Stefanie, we have a health insurance agency that we started in 2004. For a couple years prior to that, we worked as agents for another brokerage, but decided to break out on our own about five years ago. We love what we do, and it gives us a great deal of flexibility. But it took us a while to get where we are. We were completely broke in the beginning, and actually incurred about $40,000 worth of debt in the first couple years (a combination of credit card debt to pay for things like groceries when we were earning only enough money to pay the mortgage and utilities, and the actual cost of starting our business). It took us until the summer of 2007 to get out of debt. So while I love what we do, I’d hesitate to recommend it unless you have another source of income, significant savings, or a tolerance for being very poor :)

  • Alice

    There’s a sucker born every minute. You sound like heading in that direction.

    If there are tons of empty houses available, that means that the little town’s tax revenues are down substantially. Less services, less police & fire, library hours, school benefits….the list goes on and on.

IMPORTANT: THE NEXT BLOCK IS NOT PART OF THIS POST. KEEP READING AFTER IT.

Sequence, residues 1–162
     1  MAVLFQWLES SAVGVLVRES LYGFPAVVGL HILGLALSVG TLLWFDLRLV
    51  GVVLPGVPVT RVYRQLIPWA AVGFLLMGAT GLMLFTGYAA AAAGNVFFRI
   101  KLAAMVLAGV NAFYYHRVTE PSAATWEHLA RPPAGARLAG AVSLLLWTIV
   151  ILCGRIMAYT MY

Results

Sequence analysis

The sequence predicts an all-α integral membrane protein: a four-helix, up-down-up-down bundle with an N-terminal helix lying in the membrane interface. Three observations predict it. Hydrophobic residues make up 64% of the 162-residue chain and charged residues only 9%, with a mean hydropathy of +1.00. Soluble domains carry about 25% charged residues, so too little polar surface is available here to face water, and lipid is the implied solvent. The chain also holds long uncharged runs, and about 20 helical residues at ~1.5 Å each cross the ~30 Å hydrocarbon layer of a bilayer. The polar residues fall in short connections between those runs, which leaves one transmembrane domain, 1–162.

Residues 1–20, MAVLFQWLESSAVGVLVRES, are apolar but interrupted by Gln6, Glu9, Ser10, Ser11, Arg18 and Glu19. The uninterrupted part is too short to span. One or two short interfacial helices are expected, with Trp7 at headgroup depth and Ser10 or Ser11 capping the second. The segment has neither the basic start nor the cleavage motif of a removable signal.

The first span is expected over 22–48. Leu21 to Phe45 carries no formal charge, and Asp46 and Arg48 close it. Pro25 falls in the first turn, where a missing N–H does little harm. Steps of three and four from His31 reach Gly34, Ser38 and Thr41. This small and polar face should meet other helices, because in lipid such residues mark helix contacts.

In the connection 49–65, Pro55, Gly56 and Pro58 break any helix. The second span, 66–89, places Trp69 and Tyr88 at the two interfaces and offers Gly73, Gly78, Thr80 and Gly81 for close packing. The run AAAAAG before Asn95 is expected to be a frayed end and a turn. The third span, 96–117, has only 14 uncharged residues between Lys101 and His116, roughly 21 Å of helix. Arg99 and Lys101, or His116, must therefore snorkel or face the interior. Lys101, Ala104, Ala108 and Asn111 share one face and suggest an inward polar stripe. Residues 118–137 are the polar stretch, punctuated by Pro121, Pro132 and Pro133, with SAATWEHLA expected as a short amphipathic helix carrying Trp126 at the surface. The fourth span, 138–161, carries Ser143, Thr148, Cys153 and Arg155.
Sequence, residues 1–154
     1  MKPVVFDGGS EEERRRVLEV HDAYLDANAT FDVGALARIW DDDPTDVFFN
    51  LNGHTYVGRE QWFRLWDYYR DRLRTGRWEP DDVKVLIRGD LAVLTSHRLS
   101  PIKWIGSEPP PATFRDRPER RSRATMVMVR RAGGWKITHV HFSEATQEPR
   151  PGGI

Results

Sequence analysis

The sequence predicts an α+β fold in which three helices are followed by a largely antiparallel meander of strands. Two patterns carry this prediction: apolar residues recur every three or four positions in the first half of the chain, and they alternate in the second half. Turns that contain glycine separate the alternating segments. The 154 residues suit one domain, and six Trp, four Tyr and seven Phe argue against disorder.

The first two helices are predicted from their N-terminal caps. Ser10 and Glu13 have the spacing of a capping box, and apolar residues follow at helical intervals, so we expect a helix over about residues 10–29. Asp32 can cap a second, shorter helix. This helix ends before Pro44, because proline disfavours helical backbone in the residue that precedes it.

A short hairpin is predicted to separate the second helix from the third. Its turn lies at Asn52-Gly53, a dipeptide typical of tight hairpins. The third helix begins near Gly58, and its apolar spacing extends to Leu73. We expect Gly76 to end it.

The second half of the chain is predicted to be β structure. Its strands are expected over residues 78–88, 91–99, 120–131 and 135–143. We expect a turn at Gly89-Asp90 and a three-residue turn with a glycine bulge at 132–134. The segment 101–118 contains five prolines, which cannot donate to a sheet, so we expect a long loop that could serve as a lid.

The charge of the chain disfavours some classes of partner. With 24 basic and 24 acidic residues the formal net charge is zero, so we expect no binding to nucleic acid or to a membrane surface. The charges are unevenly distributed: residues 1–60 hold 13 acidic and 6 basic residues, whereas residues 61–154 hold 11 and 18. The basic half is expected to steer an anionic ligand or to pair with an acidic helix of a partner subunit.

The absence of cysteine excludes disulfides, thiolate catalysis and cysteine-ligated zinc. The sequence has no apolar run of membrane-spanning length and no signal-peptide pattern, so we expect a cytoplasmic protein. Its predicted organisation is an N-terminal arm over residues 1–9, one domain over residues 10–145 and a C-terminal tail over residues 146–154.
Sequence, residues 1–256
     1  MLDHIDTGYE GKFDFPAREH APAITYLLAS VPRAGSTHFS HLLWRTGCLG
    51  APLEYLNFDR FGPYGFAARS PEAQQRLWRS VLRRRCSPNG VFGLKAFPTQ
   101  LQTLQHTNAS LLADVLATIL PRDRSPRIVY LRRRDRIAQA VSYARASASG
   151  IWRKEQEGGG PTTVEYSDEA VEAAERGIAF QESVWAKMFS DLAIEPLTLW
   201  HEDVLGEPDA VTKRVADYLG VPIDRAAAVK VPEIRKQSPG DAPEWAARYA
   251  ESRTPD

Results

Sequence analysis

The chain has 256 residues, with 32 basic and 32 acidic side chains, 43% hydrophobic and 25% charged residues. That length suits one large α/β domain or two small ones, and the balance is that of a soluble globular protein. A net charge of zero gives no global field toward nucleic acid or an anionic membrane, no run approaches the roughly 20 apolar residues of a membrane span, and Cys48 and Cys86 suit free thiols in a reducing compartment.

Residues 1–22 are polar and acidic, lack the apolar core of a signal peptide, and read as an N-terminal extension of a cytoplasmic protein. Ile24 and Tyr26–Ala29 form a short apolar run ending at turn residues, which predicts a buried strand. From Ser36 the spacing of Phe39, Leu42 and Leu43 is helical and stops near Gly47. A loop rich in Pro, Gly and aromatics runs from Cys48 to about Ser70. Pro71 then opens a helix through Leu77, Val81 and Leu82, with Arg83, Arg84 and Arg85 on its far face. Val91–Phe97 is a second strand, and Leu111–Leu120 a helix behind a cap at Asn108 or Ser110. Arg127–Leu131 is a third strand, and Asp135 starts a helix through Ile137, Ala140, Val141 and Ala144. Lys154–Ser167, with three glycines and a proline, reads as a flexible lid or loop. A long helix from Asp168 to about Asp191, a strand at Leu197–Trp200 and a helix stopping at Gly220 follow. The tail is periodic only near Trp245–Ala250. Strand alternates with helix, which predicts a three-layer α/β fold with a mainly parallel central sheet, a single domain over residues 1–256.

You should start reading the foreclosure stories of people today rather than the fiction novels you drool over. Most foreclosures are people who refinanced, or bought another home while putting their original home up for rent. They got stuck with 2 mortgages and 2 homes to maintain. Another big mistake is using a management company. Obviously, you will be learning about life the hard way. Most people today don’t have the good enough credit to qualify as renters. Haven’t you heard about all the layoffs with 3 million more to come.

    Some people just don’t know how good they have their lives and it never ceases to amaze me how they go and mess it up.

    You’ve got everything under control right now. STOP! If not, here’s your future: you’ll move, waste a good sum of your cash reserves as a deposit on a new home, will live in a new area with less people and social connections (you’ll become isolated and lonely) your new tenants, if you can find one will mess up your home, or not pay or both, the management company will be worthless, and you will have exhausted all of your savings on fixing up your old home (roof, etc….which could have gone a few more years before fixing) Oh! and oh yeah, your sales will be off on your company, so you’ll be hit with a double whammy.